1. Luckily for me, I’m not the one with the clicking job, but the person who gets annoyed about how inefficient certaing things are (at work). Often, afterwards the solution, they call me “supernerd”…But wouldn’t you care about a job where your boss gives you an “old” oscilloscope for free when you ask to buy it? (Textronix TDS210 with newly replaced screen)

        The point in here is that comunication with R+D is bad, or more correctly, their department is small and they don’t have time (and a bit of willingness) to hear what production has to say about their testing methods. They don’t have the right mindset either. So it becomes easier to develop a board like this than wait for them to implement anything more complex than “please, allow me to install these drivers”.

        AND, military relays, you know…can’t beat that.

    1. Absolutely, I’m the first one who recognizes this is overkill and that there was probably a software solution (at the time when I was designing, I’m sure I said it somewhere on the blog) BUT…

      URSS military relays that look like electrolitics!

      When you have 72 of them, there is a certain urge to use them anywhere…

      And, as an afterthought, I would rather have people at work reconfiguring some potentiometers for X-Y coordinates, something they can understand, than interacting with some “obscure”(for them) software wich would probably demand my attention/intervention if they messed up something (they’re a bit of lusers, if you know what a BOFH is).

  4. I am confused… There are numerous programs on the ‘net to do this, which can be triggered by a click, keypress, or run at a predefined interval. The trigger event could easily be generated with a wire and BJT across one of the mouse switches, or a keyboard key switch, or whatever.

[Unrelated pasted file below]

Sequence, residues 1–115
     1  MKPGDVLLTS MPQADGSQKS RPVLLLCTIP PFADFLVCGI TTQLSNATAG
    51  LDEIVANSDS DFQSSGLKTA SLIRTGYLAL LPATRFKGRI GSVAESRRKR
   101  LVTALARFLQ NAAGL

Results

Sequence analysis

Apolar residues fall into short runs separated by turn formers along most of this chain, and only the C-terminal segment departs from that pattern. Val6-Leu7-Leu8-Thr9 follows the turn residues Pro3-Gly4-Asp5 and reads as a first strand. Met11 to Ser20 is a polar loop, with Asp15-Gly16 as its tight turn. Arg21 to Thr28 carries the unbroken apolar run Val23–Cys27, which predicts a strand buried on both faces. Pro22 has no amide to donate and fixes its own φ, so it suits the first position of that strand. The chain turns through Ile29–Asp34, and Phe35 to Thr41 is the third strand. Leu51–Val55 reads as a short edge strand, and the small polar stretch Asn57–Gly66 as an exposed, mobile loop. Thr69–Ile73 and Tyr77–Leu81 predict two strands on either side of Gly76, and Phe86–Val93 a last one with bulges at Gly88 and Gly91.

Am I missing something? Why was it necessary to go to this incredible amount of work for this task? Are the existing free mouse macro programs not sufficient in some way? It appears to be running on a PC, so I am really confused here…

  5. In the video it looks like Docklight is being used. This is a serial terminal program that allows some automation by way of setting up transmit sequences and highlighting certain responses in the receive window, so this is a hammer being used to crack a nut – surely the *best* approach would be to add more automation to the test program? VB or even Excel could be used to write a little GUI to perform the testing, or at least the transmit sequences.

    1. It is Docklight, but the problem it’s not the automation per se (wich in fact is not needed) we need to interact with the program one click at a time, to see the effect it has on the board we are testing, What I needed was a way to avoid moving the mouse around 15 times per board test (that consumes time and it is cumbersome).
      The part that can automate tasks in Memulator (pic and relays) it’s me just wanting to have fun, you could otherwise, use only trimmers and switches to achieve the same result.